The Charter Update Process

Last modified on August 14th, 2020 at 10:32 am

First in a series of four articles about the charter-change process.

Last week, Elkins Common Council began public deliberations on possible changes to the city charter. Because changes to a city’s charter can have profound effects on that city, it’s important that members of the public understand the process so they can provide informed input. Today through Friday, we’re running a series of blog posts providing background and contextual information about the charter-change process. (You can find more about this process, including an analysis of the current charter and charter change FAQs, here.)

The Elkins City Charter has not been updated since 1901. Council’s 2018-2023 Strategic Plan, which was adopted in September 2018, set various goals related to the charter. These goals included evaluating the feasibility of adopting a city manager form of government, considering restructuring and/or resizing council, and looking for other opportunities to further strengthen the structure and functioning of the Elkins city government.

Work toward these goals began in earnest during 2019 with initial discussions at several public meetings of council’s Rules & Ordinances Committee. In December of that year, council authorized retaining Tim Stranko, an attorney who has helped other West Virginia cities with charter changes, to assist with this process.

During the first half of 2020, Mr. Stranko made a series of informational presentations to council on allowed forms of government for West Virginia cities (e.g., strong mayor, manager, etc.), council structures in use at other cities, and other municipal best practices that might be considered for inclusion in an updated charter. These informational sessions concluded in June.

Council has now moved into a phase of public discussion and deliberation concerning what changes members feel they can support making to the charter. This phase began at council’s regular meeting of August 6, when Mr. Stranko presented his analysis of the 1901 charter, and council began discussing what improvements might be made.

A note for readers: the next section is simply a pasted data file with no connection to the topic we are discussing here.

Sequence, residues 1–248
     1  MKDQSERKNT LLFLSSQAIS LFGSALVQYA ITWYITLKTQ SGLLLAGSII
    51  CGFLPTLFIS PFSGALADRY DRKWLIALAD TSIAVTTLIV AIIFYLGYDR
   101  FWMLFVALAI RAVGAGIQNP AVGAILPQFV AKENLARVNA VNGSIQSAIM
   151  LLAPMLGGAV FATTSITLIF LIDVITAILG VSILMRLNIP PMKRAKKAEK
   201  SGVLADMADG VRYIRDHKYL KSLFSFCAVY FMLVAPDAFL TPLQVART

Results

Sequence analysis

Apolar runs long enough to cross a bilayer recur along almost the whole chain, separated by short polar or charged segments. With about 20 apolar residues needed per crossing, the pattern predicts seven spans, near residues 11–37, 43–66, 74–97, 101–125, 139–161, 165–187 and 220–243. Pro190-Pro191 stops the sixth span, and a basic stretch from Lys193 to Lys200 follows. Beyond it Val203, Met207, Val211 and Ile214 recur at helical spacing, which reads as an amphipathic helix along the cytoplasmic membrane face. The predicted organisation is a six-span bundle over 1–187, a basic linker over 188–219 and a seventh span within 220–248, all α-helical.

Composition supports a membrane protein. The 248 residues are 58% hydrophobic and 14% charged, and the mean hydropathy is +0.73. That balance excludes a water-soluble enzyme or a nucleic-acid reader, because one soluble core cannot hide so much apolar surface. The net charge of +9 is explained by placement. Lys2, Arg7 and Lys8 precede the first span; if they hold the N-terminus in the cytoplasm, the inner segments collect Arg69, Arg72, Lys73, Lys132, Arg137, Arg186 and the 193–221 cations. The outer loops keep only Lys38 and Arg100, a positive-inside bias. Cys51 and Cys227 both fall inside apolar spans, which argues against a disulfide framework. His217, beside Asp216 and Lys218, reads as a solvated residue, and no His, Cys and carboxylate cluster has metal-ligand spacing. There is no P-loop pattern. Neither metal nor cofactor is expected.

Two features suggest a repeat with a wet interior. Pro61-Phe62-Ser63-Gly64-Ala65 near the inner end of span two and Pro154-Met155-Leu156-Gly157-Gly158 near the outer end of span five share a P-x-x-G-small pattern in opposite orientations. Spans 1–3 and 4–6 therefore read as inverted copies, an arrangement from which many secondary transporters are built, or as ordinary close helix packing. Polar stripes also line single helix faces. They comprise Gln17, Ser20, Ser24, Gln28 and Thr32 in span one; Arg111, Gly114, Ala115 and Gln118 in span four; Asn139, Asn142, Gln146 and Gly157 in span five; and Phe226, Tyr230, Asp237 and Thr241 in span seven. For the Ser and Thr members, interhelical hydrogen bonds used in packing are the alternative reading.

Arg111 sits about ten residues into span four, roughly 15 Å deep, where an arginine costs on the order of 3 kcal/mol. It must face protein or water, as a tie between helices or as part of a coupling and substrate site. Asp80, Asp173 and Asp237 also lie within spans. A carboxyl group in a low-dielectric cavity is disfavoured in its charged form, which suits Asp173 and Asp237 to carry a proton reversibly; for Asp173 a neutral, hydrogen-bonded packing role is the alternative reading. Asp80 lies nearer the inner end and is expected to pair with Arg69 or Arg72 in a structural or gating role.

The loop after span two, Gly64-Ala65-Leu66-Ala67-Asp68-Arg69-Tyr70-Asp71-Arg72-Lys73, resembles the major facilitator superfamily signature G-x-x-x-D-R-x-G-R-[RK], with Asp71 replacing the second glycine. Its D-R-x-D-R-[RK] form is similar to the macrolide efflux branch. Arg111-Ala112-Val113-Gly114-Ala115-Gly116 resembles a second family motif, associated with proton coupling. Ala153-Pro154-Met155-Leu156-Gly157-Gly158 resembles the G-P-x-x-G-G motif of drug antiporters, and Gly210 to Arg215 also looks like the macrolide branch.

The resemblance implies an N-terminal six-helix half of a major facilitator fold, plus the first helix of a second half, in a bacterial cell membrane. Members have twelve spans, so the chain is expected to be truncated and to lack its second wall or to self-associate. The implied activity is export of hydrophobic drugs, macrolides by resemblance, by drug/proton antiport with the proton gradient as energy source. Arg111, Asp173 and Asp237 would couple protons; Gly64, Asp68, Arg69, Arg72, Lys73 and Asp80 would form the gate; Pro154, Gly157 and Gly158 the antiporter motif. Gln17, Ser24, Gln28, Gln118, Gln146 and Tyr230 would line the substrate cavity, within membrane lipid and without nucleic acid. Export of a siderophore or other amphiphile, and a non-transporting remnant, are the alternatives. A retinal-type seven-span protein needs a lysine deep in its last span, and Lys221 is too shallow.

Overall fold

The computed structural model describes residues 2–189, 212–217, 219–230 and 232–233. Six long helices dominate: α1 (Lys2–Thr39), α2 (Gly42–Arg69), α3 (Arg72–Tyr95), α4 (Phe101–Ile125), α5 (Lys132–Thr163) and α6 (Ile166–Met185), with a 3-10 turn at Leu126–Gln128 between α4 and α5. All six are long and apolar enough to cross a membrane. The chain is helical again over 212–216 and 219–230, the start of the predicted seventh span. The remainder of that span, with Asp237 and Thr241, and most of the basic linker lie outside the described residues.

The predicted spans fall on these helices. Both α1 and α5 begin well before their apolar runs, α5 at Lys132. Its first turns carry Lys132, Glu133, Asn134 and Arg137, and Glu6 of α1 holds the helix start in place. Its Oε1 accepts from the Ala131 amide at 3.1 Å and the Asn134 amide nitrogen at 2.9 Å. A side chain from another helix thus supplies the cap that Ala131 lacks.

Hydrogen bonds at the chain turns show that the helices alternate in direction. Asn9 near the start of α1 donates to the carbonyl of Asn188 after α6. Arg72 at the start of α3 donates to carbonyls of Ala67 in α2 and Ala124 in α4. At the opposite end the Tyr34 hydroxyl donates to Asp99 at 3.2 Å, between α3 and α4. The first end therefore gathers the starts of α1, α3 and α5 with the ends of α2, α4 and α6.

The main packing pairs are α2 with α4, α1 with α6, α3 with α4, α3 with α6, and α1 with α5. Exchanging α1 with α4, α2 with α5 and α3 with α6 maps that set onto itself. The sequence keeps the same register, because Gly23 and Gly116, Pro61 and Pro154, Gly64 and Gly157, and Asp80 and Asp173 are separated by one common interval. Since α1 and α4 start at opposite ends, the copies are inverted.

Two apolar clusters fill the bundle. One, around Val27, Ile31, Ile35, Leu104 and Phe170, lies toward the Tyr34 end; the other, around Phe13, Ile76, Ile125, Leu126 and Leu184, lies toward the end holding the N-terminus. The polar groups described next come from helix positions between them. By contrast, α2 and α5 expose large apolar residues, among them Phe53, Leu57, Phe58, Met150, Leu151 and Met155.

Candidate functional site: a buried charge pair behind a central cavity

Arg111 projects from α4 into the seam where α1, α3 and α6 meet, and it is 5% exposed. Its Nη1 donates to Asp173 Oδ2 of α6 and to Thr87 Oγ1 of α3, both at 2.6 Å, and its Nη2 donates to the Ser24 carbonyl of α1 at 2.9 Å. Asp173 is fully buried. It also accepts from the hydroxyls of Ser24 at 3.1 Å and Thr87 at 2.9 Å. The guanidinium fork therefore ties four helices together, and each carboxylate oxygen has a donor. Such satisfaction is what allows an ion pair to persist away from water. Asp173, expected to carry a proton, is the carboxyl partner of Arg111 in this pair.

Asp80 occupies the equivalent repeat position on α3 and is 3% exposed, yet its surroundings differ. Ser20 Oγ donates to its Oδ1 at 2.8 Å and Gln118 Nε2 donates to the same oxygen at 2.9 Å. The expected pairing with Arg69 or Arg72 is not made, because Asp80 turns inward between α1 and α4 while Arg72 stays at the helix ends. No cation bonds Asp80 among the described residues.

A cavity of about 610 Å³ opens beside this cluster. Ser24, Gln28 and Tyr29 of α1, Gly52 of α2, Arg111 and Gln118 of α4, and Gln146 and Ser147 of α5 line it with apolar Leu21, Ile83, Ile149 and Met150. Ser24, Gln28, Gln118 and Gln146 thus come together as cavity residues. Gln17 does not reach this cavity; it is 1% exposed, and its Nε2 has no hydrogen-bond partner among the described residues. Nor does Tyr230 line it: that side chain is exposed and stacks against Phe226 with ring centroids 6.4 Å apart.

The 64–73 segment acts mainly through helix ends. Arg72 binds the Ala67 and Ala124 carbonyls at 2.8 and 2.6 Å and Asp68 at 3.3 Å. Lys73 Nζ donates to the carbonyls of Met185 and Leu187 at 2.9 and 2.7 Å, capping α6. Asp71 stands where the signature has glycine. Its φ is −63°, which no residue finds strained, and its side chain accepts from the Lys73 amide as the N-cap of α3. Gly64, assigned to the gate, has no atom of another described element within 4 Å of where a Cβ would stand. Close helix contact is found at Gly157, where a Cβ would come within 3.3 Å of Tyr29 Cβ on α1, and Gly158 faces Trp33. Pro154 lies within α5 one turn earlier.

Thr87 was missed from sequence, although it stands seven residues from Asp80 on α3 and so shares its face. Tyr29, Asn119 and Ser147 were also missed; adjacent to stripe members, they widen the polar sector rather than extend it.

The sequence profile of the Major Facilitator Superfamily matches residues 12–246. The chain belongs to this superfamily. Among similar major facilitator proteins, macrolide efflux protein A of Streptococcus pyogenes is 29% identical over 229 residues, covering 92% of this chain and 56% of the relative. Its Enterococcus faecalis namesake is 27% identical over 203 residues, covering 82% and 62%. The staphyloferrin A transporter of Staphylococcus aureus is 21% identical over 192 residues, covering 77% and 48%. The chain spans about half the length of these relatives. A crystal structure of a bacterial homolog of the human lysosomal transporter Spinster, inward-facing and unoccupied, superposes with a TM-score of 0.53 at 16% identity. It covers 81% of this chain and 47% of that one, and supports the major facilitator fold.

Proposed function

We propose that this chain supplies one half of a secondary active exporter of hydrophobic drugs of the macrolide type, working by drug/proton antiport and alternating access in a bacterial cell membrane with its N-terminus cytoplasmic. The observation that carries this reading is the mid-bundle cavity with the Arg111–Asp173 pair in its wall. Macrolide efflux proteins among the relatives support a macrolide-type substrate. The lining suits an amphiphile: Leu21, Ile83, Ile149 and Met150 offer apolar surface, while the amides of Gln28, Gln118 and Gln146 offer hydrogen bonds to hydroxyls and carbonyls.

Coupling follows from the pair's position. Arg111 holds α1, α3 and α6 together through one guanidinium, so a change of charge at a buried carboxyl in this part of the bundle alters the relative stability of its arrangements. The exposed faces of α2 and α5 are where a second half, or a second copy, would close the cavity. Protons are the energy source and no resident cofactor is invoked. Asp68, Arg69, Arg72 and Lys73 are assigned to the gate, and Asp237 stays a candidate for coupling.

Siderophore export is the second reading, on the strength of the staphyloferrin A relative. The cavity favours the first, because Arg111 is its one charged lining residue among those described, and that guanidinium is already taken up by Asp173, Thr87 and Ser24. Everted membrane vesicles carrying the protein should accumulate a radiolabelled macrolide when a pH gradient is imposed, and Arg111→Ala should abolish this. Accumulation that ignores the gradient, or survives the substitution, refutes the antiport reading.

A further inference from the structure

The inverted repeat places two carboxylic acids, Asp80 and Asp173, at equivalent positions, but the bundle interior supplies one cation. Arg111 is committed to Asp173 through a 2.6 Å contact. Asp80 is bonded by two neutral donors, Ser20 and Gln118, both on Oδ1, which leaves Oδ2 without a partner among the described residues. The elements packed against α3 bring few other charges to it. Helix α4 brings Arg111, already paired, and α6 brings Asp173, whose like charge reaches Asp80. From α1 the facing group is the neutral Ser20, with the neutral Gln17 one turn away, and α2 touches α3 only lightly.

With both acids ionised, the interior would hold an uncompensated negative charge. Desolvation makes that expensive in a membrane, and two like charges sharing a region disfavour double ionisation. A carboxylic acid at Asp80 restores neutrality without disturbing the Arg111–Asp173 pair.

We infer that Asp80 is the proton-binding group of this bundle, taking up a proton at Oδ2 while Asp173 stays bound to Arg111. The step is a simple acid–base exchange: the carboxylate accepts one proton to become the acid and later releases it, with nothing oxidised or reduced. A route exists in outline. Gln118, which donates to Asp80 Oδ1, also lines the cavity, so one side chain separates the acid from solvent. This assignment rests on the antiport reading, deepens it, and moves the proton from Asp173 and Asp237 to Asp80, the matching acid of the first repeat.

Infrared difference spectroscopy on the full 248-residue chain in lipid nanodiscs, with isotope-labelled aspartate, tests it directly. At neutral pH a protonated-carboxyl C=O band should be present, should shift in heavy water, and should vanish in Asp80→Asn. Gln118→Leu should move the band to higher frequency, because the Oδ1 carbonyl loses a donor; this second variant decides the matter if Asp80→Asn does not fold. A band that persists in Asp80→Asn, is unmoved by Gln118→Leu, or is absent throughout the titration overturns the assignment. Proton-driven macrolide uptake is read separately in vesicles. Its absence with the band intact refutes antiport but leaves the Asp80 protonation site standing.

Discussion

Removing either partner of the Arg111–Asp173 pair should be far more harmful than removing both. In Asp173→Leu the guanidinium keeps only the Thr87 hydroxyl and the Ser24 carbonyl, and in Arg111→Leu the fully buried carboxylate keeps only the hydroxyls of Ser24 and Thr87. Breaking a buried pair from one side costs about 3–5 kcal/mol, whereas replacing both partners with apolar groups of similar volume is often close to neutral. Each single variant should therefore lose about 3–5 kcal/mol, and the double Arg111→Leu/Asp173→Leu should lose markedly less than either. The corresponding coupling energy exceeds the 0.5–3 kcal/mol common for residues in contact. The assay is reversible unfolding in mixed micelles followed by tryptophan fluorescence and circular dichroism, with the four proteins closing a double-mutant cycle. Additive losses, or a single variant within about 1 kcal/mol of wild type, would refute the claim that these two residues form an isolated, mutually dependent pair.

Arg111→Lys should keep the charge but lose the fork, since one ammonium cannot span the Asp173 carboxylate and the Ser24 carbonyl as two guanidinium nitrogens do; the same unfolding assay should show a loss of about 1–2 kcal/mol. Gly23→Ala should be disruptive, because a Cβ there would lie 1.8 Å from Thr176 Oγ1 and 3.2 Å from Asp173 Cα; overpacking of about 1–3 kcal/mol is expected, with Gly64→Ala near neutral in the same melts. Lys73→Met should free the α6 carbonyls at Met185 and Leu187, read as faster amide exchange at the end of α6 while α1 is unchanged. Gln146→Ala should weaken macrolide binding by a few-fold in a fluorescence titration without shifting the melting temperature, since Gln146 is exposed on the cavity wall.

These discussions will continue until council reaches consensus on changes that the members feel they can publicly endorse making to the city charter. (In this context, “endorsement” is an unofficial step signifying only that the presented draft is one that council can support proposing to the public.)

Here are the currently planned next steps:

  • Council deliberates, at its upcoming regular meeting(s), toward consensus on changes councilors can support
  • Council endorses a consensus update draft
  • Council and Mr. Stranko hold a public Q&A session (date TBD)
  • Council holds a formal public hearing concerning the proposed update
  • If no objections are entered at the public hearing, council reads an ordinance adopting and implementing the updated charter at two separate public meetings (where public comment will also be allowed)
  • If objections are entered that cannot be resolved, council can either abandon its changes or put its draft before the voters at a citywide election

Read all of the articles in this series:

  1. The Charter Update Process
  2. What is a Charter—and What Does Ours Say?
  3. Change Our Government Structure?
  4. Restructure Council?
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